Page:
This is an inherently interdisciplinary project which combines aspects from both computer science and management. The use case itself is embedded in computer science, as are some of the techniques used to collect and analyse data. Management provides the tools needed to analyse the structure of the data science ecosystem. We are therefore open to applicants with a wide variety of interdisciplinary and multidisciplinary backgrounds, ranging from management to computer science to technology law, and can tailor the project as suited to the chosen candidate.
This PhD project will be co-supervised by Kirstie Ball and Tristan Henderson.
Kirstie Ball is Professor of Management at the University of St Andrews. Her research interests include surveillance, privacy and employee monitoring.
Tristan Henderson is Senior Lecturer in Computer Science at the University of St Andrews. He has a multidisciplinary background (MA Economics; PhD Computer Science; LLM Innovation, Technology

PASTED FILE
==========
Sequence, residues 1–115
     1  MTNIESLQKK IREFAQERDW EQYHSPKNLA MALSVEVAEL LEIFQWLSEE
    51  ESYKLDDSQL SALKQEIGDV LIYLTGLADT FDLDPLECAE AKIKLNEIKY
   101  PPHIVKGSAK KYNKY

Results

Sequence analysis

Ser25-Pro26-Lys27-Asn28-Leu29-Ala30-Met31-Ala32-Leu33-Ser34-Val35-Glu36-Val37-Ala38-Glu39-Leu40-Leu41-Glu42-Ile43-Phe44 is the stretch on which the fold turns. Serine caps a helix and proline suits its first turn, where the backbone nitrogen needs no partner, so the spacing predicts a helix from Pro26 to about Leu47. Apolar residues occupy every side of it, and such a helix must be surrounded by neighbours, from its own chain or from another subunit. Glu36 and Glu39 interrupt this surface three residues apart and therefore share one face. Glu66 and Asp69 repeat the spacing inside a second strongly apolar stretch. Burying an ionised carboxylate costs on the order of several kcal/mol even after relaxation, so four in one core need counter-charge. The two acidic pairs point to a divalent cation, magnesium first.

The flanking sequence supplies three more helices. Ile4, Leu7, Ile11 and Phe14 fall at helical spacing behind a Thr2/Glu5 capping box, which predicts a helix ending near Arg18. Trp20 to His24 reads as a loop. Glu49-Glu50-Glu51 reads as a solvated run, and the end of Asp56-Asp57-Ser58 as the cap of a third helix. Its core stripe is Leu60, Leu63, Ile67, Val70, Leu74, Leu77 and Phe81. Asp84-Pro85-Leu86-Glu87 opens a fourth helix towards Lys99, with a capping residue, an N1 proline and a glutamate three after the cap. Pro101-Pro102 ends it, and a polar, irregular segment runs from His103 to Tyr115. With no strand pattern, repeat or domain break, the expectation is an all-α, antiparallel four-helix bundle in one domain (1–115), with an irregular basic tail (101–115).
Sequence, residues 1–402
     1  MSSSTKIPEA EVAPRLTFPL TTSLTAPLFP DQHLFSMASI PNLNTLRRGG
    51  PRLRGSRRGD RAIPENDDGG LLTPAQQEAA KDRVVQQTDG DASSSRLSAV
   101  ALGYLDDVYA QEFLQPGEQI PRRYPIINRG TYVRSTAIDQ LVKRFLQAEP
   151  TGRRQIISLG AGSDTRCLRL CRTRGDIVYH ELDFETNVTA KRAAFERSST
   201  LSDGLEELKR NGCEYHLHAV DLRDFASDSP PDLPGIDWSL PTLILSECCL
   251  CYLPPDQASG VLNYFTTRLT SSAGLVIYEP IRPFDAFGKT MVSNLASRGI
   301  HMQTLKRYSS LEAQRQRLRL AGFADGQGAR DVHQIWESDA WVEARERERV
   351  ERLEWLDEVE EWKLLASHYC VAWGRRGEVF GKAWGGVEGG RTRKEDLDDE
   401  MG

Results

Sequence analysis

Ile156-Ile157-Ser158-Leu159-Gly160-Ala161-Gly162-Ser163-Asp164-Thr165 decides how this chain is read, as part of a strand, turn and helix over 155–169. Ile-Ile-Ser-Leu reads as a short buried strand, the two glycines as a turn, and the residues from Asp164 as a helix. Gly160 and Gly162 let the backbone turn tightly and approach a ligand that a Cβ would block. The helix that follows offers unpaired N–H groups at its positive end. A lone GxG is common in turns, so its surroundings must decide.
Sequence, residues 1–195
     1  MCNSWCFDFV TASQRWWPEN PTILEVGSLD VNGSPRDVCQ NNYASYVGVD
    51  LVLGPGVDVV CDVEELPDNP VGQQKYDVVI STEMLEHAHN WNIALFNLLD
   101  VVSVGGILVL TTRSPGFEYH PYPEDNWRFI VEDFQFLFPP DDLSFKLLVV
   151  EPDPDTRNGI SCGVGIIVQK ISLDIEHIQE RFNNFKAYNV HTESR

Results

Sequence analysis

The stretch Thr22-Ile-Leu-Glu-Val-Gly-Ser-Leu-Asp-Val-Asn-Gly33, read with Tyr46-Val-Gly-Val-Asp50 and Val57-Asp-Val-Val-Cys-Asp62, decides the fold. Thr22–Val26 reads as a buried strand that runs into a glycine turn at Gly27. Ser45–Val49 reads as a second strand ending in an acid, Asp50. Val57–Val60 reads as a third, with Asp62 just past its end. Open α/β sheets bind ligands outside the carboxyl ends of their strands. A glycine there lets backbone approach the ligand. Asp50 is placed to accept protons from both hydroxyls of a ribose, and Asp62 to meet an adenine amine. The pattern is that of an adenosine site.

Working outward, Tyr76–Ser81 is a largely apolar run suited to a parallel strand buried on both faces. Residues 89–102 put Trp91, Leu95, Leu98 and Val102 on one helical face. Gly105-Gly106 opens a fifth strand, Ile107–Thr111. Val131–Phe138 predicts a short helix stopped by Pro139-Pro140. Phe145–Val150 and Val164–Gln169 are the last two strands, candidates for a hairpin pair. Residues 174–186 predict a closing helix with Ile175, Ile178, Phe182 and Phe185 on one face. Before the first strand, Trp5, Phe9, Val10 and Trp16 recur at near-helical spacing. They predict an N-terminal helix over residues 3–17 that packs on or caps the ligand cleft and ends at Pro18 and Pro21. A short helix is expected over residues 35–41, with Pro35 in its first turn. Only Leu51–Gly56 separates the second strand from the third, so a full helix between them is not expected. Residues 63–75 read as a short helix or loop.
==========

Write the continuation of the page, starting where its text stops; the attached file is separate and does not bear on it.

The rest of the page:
How to Apply
Candidates must meet the usual standards for entry to Ph.D. programmes at the University of St Andrews, including a Masters degree due to be completed by summer 2018, and appropriate English language skills. You should apply via the usual University of St Andrews online procedure specifying ‘Computer Science’ or 'Management' as the primary programme for administrative purposes, and depending on your interests. Please include a research proposal of up to 1000 words, including some indication of how your education, interests, and professional experience (if relevant) prepare you to undertake a project of this nature.
Deadline: Friday 23rd February 2018
1. Alex Pentland, ‘The Data-Driven Society’ (2013) 309(4) Scientific American 78.
2. Finale Doshi-Velez and Been Kim, ‘Towards A Rigorous Science of Interpretable Machine Learning’ (March 2017).